5

And the rest of it

The rest is all about continuing to work with your pup until he can wait for you to ask him if he needs to go out or he comes to you to let you know he needs to pee.

The Easy Peasy Method Method

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Create your schedule

Before you start, you need to establish a schedule. In the beginning, start with taking him out every 20 minutes. If he does go potty, be sure to praise him and give him a treat. If he doesn't, don't worry about it. Just take him back in the house and give it a few minutes before you try again.

2

Special times

There are certain times of the day when you need to take him out immediately. The first is when you get up in the morning, the second is after all meals and any time he drinks a lot of water, the third is after a nap, and then after an extended period of play.

3

Choose a cue

Choose a cue word, "outside" usually works well. Use it every time you take your pup outside, this will help him associate the cue word with going outside to go potty. Before long, you should be able to ask your pup if he needs to go out and he will let you know.

4

Add more time

Start extending the time between journeys outside over a period of a few weeks.

5

Before you are done

Before you are finished training your pup, he should be coming to you or going to the door to let you know he needs to go potty.

The Take Him Outside Method

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Mark your spot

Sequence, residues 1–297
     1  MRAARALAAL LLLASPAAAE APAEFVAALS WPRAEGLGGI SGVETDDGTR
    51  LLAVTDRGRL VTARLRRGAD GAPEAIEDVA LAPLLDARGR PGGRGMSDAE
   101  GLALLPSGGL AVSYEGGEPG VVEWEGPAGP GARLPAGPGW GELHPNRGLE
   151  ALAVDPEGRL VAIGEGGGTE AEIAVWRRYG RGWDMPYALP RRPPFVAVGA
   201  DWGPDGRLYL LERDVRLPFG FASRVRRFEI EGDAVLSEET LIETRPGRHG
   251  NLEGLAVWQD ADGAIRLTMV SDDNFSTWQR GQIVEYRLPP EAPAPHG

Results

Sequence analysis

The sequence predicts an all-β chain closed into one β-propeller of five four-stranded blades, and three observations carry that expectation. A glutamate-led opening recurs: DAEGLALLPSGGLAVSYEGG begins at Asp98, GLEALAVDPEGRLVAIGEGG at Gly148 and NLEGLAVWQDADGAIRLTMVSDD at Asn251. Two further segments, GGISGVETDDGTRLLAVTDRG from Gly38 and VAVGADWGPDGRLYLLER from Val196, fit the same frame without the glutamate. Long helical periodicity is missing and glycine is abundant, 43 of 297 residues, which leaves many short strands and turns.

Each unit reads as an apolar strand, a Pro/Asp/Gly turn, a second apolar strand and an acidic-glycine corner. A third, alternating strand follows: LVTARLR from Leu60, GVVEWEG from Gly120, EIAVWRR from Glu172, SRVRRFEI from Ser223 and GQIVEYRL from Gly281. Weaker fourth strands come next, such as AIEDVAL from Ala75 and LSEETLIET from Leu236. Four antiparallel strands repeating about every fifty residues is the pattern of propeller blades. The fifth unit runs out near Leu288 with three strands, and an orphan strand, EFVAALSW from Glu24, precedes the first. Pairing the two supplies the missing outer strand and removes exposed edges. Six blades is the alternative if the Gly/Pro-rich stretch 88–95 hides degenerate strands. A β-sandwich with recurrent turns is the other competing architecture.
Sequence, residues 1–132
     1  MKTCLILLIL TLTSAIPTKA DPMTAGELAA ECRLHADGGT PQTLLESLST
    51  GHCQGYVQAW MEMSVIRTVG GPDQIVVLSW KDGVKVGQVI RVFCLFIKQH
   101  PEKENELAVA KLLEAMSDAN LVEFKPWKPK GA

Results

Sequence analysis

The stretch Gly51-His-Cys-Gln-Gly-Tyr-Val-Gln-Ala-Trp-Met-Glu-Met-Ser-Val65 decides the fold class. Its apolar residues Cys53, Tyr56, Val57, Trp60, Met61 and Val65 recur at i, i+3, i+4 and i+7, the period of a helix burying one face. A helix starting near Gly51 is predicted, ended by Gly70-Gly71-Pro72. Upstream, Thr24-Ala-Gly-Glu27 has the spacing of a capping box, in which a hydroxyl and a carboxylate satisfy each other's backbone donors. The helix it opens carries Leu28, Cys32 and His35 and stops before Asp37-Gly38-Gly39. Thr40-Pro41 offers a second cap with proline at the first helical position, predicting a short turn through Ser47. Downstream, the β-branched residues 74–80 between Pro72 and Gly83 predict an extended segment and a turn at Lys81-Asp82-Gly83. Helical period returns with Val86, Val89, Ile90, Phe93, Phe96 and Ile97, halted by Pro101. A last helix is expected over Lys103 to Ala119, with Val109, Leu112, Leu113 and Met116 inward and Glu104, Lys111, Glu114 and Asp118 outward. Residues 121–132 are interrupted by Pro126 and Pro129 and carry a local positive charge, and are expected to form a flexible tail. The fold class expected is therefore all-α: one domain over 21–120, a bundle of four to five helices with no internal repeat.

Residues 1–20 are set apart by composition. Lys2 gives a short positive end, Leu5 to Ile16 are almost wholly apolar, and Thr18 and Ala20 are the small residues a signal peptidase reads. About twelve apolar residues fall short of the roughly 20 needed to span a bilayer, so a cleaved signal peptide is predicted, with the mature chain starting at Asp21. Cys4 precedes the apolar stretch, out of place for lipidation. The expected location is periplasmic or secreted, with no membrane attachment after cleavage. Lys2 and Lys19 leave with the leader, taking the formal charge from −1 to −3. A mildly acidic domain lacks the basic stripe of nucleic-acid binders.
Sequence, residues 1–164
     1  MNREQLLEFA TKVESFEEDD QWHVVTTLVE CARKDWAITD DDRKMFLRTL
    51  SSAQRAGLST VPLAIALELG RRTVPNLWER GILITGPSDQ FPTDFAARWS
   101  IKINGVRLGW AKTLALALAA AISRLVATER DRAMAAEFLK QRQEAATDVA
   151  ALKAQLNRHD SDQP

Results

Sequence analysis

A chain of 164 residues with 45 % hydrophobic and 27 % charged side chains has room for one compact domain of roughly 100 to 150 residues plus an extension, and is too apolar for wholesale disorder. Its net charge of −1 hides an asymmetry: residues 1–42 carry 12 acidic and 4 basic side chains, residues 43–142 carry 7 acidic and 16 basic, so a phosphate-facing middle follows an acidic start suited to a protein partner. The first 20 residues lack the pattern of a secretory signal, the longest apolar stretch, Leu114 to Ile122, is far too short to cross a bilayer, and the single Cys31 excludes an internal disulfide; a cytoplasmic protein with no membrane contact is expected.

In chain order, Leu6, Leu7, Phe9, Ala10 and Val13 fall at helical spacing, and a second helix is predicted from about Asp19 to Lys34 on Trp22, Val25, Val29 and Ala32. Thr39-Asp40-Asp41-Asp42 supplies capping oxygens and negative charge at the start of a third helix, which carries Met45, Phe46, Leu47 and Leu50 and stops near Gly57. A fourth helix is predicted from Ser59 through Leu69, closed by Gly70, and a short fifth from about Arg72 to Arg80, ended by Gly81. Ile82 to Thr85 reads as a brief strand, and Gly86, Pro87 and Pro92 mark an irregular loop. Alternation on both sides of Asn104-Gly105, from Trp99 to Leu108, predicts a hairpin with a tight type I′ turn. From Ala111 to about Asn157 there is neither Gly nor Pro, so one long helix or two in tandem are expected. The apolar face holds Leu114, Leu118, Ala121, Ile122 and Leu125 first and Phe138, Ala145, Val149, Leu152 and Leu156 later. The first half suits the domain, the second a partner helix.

Start by going out in your yard and choosing the right spot for your pup to use as his potty. Keep it close enough he can make it and far enough that it won't stink out the house.

2

Let's go

Pick your cue word, something like "potty" or "outside". Hook your pup up to his leash, say "let's go outside" and take him outside to the chosen spot so he can go potty. Be sure to stay there long enough for him to pee and poop.

3

Good job

When he goes potty, be sure to praise him and give him a treat. This lets him associate going outside to go potty with good things.

4

Set a routine

Create a routine for taking your pup outside. For up to 12 weeks this should be every 30 minutes.

5

Practice

After this, start extending the time until he can go for a few hours if necessary, at which point he will be potty trained.

By PB Getz

Published: 02/19/2018, edited: 01/08/2021

Training Questions

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Training Questions and Answers

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Athena

Dog breed icon

Cane Corso

Dog age icon

9 Weeks

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Question

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Pup goes to the bathroom when She wants to when I take her outside

June 15, 2022

Athena's Owner

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Caitlin Crittenden - Dog Trainer

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1133 Dog owners recommended